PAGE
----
Fluorescence Lifetime Imaging Microscopy (FLIM)

Multi-color staining with fluorescent dyes is actively used for observing the distribution of biological materials (such as proteins, lipids, nucleic acids, and ions) in the field of tissue and cell research. The detection technology for fluorescence observation has advanced to a level at which a single fluorescent dye molecule can be detected under the best of circumstances. This section reviews several of the important aspects of fluorescence lifetime imaging microscopy (FLIM), a new fluorescence microscopy technology. In addition to multi-color staining, fluorescence lifetime imaging can also be utilized to visualize the factors that affect the fluorescence lifetime properties of the dye molecule, that is, the state of the environment around the molecule.

Wavelength Spectroscopy

Conventional fluorescence microscopy makes use of the color properties of fluorescent dyes, that is, identification is based on differences in fluorescence spectral characteristics between dyes. With this technique, five or six dyes in the wavelength range from ultra violet to near infrared can be used simultaneously under microscopy with no confusion between colors.

Lifetime Spectroscopy

Each fluorescent dye has its own lifetime in the excited state. By detecting differences in lifetime, it is possible to distinguish even dyes having the same fluorescent color as well as to identify autofluorescence. Furthermore, high signal-to-noise images can be obtained by using a probe with very long lifetime compared to that of the fluorescent dyes normally used. For instance, platinum coproporphyrin has a lifetime of millisecond order while the lifetimes of ordinary fluorescent dyes are of nanosecond order. Such relatively long-lived fluorescent dyes will soon be used as probes for DNA detection on chips.

Fluorescence lifetime imaging also makes it possible to obtain information on the molecules while observing a living cell. The factors affecting the fluorescence lifetime include ion intensity, hydrophobic properties, oxygen concentration, molecular binding, and molecular interaction by energy transfer when two proteins approach each other. Lifetime is, however, independent of dye concentration, photobleaching, light scattering and excitation light intensity. Therefore, fluorescence lifetime imaging allows us to perform accurate ion concentration measurement and Fluorescence Resonance Energy Transfer (FRET) analysis.

There are two methods of fluorescence lifetime imaging: the time-domain method and the frequency-domain method.


The environment surrounding the probe is detected based on the fact that the fluorescence lifetime is sensitive to hydrogen ion concentration (pH), oxygen, and calcium ion concentrations. The binding or the interaction between molecules can also be measured in combination with FRET.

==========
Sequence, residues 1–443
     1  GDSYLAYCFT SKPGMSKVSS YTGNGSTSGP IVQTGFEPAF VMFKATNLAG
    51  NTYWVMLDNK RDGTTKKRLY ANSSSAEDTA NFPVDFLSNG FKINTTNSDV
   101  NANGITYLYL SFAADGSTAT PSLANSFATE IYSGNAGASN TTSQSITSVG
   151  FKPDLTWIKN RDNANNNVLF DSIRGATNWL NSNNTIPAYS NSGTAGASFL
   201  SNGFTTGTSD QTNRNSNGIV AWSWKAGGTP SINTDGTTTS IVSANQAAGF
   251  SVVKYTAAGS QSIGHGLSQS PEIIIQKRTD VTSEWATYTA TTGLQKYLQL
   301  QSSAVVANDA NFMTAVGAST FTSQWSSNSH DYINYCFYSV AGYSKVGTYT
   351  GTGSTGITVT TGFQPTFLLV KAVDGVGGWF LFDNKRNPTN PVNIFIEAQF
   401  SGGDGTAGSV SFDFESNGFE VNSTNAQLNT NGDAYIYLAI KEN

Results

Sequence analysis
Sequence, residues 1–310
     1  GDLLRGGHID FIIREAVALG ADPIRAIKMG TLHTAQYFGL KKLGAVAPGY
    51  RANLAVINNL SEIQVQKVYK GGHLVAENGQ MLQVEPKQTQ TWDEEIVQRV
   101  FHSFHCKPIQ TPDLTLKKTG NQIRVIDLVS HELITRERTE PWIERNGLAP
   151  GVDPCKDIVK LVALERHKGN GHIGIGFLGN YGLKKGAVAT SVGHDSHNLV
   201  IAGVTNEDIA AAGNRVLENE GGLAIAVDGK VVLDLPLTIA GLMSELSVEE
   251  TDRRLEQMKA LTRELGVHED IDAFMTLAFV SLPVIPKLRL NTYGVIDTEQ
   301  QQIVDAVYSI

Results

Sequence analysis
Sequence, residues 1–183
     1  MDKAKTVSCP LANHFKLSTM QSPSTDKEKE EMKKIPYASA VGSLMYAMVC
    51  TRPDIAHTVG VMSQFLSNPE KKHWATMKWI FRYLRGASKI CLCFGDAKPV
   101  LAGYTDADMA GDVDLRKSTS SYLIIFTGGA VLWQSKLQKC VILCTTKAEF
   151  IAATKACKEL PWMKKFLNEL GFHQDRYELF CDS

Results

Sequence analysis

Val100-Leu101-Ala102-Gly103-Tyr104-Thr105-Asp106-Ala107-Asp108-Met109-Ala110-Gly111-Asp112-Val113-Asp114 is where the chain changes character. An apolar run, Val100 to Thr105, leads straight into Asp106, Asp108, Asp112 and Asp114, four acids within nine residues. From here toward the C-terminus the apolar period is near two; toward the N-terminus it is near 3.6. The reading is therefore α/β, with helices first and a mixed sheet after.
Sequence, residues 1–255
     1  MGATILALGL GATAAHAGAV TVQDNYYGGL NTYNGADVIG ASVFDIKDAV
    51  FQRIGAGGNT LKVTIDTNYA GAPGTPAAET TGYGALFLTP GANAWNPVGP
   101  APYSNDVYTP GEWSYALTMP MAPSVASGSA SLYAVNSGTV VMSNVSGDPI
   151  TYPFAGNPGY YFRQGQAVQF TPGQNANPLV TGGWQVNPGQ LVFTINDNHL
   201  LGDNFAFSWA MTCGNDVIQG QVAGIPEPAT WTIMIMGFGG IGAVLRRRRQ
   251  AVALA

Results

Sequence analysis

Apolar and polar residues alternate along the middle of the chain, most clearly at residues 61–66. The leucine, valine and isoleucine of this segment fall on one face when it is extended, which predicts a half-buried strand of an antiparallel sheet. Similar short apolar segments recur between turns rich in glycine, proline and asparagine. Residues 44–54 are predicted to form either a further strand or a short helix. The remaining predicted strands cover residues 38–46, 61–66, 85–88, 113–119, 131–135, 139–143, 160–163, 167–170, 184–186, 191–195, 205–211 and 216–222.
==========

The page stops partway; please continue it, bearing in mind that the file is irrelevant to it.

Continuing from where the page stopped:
Calcium Ion Concentration Imaging

When the calcium ion binds to a fluorescent probe such as Fura-2, Fluo-3 or Calcium Green, both the fluorescence lifetime and the fluorescence intensity change. The conventional procedure for ion concentration measurement focuses on the change in intensity. According to the change of the calcium ion concentration, the ratio of dyes between bound and unbound calcium ion changes, and this subsequently leads to a change in the fluorescence lifetime of the measuring spot in the specimen. In addition to the calcium ion probe, this technique is also applicable to the measurement of pH and other ions such as sodium ion and magnesium ion.

Fluorescence Resonance Energy Transfer (FRET)

Research is currently being conducted on FRET by green fluorescent protein (GFP) variants (GFP with a different fluorescence color). FRET makes it possible to measure the interactions (association or dissociation) between two proteins that are labeled with a pair of fluorescence dyes. A donor fluorescent dye has shorter excitation/emission wavelengths that provide energy to an acceptor fluorescence dye. The lifetime of the excitation state of the donor dye is variable depending on whether or not the acceptor (the dye receiving the energy) exists. Measurement based on lifetime permits better quantification because it is not necessary to consider the overlap of fluorescence during detection.

Clinical Imaging

As some tissue and cytodiagnostic specimens have strong autofluorescence, the use of probes with long lifetimes (up to milliseconds) has been attempted. Long-lifetime probes are also useful in Fluorescence in situ hybridization (FISH) because the number of colors that can be used simultaneously is limited with this technique. The hydrogen ion concentration in blood, as well as the oxygen and carbon dioxide pressures, have already been measured based on fluorescence lifetime, although such measurements are still not possible under microscopy.

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